Help! Please check your Spam folders because the Word Press Gnomes selected me to celebrate the new year.
A belated Happy New Year. May your 2021 be positive and joyful. After the walk, don’t forget about the links to what some other bloggers have posted about bubbles.
Click the video above for 2 minutes of background waves while reading.
I like walking on the beach. It is good for the mind, body, and soul – and refreshing on my feet.
Standing at the water’s edge provides an interesting sound. Besides the roar and splashing of the waves coming ashore and the whistling of the persistent wind, I can hear the popping of bubbles from the foam in the wave’s finality before retreating to the sea. As I stand, I can also feel the bubbles popping on my feet. So, today I focus my thoughts on bubbles.
Bubbles – the white, foamy part of a wave visibly forming as a wave approaches. Bubbles – a thin transparent film of water covering a pocket of gas. Bubbles – a word we associate with fizz, effervescence, sparkles, gurgles, lather, foam, and froth.
Bubbles are shiny, round, and playful – precious, dreamy, and fragile – soft, lovable, and a sign of joy. Bubbles can burst, pop, squeak, bubble over, and bubble up. Difficult situations can also put someone on the bubble.
Except when they are a negative sign, bubbles are fun orbs of beauty that stimulate numerous thoughts. Bubbles are about happiness and smiles. “Bubbles” is a happy word. People say the word and a smile appears. Besides, bubbles is a word that is difficult to say with an angry or negative tone.
Thoughts of bubbles take us back in time as we think of the young. I wonder what aspect of a bubble attracts kids? Is it their shape, the sudden appearance, the colors of the rainbow in their skin, their temporary existence, their ability to merge, or something else?
Bubbles capture the attention of the young, so the older enjoy creating bubbles with a gentle blow. But all ages smile when seeing giant bubbles. Blowing bubbles is fun and a release from reality. As blowers try different techniques for creating different sizes, the observers admire the similarities and differences. No wonder bubbles are a teaching tool.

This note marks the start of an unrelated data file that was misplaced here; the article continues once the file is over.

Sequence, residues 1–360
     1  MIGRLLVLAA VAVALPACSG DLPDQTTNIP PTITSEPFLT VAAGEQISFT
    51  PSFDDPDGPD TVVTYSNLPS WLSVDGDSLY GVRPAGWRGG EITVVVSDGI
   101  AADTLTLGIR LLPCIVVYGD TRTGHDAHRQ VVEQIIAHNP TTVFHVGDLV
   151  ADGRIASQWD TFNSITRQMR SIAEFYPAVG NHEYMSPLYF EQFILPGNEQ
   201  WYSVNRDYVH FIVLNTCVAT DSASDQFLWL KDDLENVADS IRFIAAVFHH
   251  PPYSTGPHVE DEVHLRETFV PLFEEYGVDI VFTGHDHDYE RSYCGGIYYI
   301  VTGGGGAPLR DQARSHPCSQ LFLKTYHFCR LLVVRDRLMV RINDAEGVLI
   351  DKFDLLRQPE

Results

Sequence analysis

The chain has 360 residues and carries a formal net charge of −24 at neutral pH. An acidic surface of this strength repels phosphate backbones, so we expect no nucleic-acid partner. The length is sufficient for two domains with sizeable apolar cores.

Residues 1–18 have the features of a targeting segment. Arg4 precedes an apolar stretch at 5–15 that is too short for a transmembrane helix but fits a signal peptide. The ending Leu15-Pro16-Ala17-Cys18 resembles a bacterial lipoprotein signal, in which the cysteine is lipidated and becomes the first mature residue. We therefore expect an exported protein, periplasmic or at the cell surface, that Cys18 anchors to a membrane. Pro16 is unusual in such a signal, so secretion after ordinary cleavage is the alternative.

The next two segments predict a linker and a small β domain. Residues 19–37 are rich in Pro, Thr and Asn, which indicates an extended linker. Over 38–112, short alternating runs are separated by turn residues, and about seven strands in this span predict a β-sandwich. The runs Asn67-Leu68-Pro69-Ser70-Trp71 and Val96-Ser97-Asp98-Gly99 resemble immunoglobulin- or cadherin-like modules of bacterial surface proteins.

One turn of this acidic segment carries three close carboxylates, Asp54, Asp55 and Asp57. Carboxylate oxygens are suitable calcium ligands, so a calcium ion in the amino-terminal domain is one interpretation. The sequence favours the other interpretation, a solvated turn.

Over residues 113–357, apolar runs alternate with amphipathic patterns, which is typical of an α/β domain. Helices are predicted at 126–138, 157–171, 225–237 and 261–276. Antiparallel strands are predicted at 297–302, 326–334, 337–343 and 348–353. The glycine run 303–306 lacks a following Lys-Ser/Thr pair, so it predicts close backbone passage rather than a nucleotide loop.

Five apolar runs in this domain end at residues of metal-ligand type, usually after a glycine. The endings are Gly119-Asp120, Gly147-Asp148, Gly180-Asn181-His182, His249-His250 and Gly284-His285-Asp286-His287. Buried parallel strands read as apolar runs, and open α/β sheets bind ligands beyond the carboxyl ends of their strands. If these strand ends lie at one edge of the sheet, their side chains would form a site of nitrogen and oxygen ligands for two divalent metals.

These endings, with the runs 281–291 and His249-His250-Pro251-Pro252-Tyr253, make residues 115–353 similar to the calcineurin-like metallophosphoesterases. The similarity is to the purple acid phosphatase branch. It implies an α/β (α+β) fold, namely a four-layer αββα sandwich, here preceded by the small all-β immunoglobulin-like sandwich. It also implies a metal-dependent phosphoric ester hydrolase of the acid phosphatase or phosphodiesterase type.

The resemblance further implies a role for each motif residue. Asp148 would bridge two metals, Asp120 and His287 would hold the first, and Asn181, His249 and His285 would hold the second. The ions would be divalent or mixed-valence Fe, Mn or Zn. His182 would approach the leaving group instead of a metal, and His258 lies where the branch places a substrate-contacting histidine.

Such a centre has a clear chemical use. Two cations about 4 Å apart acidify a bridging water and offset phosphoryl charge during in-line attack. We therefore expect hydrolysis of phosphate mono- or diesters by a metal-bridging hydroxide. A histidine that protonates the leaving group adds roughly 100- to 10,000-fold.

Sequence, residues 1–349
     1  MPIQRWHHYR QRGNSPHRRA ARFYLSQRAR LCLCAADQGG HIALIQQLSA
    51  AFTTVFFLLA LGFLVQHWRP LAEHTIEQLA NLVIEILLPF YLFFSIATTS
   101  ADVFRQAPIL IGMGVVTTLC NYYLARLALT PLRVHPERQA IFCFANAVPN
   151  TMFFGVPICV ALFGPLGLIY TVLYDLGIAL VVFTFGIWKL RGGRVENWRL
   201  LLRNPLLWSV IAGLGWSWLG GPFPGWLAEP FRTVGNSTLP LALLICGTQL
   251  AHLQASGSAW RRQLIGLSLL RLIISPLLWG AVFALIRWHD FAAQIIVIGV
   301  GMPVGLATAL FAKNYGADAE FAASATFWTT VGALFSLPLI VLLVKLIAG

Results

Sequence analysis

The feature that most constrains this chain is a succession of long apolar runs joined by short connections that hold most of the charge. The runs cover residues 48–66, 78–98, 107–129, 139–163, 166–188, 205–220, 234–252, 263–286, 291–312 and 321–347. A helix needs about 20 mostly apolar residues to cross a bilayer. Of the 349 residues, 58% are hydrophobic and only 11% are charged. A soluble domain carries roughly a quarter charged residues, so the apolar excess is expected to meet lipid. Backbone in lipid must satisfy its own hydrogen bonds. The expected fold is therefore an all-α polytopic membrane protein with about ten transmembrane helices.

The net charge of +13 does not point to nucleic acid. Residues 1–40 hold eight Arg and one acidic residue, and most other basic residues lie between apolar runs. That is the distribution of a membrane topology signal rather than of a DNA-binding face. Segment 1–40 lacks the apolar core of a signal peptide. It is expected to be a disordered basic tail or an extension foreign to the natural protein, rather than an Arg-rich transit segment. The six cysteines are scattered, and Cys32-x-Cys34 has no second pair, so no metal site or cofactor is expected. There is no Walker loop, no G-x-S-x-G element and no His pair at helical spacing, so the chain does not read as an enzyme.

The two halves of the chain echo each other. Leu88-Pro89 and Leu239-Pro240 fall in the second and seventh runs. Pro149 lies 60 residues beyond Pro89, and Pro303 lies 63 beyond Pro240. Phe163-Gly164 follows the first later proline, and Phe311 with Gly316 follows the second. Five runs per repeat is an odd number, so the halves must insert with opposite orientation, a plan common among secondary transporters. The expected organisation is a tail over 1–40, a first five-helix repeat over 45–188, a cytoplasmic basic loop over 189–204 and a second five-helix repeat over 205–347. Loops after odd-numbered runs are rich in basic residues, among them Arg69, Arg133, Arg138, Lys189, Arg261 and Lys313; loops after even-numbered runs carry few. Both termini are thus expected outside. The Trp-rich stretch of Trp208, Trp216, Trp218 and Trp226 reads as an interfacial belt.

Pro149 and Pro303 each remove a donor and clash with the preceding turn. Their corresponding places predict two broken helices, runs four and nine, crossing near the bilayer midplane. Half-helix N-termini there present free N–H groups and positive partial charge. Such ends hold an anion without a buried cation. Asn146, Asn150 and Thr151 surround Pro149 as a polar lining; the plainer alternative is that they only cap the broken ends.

As we get older, we may see bubbles as thoughts, dreams, aspirations, and fantasies. We also link bubbles to emotions and personalities with descriptors as bubbly and bubbling over.
Bubbles are like life – fun, dreamy, and care-free moments that can burst at any time – just like a sudden slap of reality. Bubbles are the temporary thoughts that suddenly vanish.
Many of us have childhood memories of blowing bubbles with bubble gum – that gnashing of teeth leading to the giggles of a bubble bursting on a face. The gum eventually loses flavor, and then teachers remind us to throw it away. After all, bubble gum in the hair or on clothes is no fun – even the bottom of shoes from an accidental step. Then again, we dream of blowing a bubble big enough to carry us away to a new land.
We can see bubbles in a variety of places – as in frozen in an ice cube or popping at the surface of lava in the volcano’s caldron – coming to the surface in a still pond or an intentional aeration in aquaria. Nature uses bubbles for catching prey, nesting eggs, protection, and flotation – yet they are also very evident at the bottom of waterfalls and water moving quickly over rocks in a fast-flowing stream.
Sometimes we place our lives in a bubble as we forget the importance and role of other people in our life. While some of us remember the story of The Boy in the Bubble, we know that is not a life we desire.
Who doesn’t have fond memories of a bubble bath with foam covering a rubber ducky or the bubbles in a glass to sip as we relax in the warm water of a tub or spa? Some say popping bubbles in bubble wrap has a therapeutic value.
Bubbles are a sign of boiling, we know we don’t want a messy stovetop from the pot bubbling over – yet, bubbling over with excitement at good news or anticipation is a good thing.
Bubbles are rainbows with curves that contain dreams. Unfortunately, bubbles are fragile, temporary, and suddenly gone – but a positive memory.
Bubbles when washing dishes don’t grab my attention because I expect them – but their absence is a sign of being a time to do something different.
Bubbles are part of many beverages – soft drinks, soda, beer, and sparkling wines to name a few. Their presence helps deliver a certain taste, so their absence is noticeable. Wines and many spirits may not be bubbly, but bubbles were a sign of active fermentation during their production.
We of an older generation associate bubbles with the music of Lawrence Welk and his champagne music. We even hear Don Ho singing, Tiny bubbles – In the wine. Make me happy. Make me feel fine.
As I stand looking across the water, I wonder about all the bubbles that are below the water’s surface for a variety of reasons. Somewhere out there, a scuba diver is enjoying the underwater world and releasing bubbles into the water that will come to the surface to pop. Meanwhile, I’ll settle on enjoying the small bubbles popping on my feet. After all, I enjoy walking on the beach because it is good for the mind, body, and soul – and refreshing on my feet.
See what other bloggers have posted about bubbles
- In a Bubble (poem)
- Soap Bubbles (photo collection)
- Abstract Bubble (painting)
- Bubble (poem)
- Bubbling Gerbena (photos and essay)
- Bubble Gum (poem)
Next Post: Sunset – Tuesday 12 January @ 1 AM (Eastern US)
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